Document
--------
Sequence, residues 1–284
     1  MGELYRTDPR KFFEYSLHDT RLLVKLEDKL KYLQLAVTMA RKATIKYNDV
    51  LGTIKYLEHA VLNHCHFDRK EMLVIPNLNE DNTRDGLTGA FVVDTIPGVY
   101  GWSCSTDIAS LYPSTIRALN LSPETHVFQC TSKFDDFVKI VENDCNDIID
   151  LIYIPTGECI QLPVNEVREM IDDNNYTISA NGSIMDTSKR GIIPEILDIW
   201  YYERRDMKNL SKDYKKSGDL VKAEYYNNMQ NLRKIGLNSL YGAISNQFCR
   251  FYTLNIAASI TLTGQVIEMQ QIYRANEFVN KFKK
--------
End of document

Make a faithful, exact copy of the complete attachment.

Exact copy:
Sequence, residues 1–284
     1  MGELYRTDPR KFFEYSLHDT RLLVKLEDKL KYLQLAVTMA RKATIKYNDV
    51  LGTIKYLEHA VLNHCHFDRK EMLVIPNLNE DNTRDGLTGA FVVDTIPGVY
   101  GWSCSTDIAS LYPSTIRALN LSPETHVFQC TSKFDDFVKI VENDCNDIID
   151  LIYIPTGECI QLPVNEVREM IDDNNYTISA NGSIMDTSKR GIIPEILDIW
   201  YYERRDMKNL SKDYKKSGDL VKAEYYNNMQ NLRKIGLNSL YGAISNQFCR
   251  FYTLNIAASI TLTGQVIEMQ QIYRANEFVN KFKK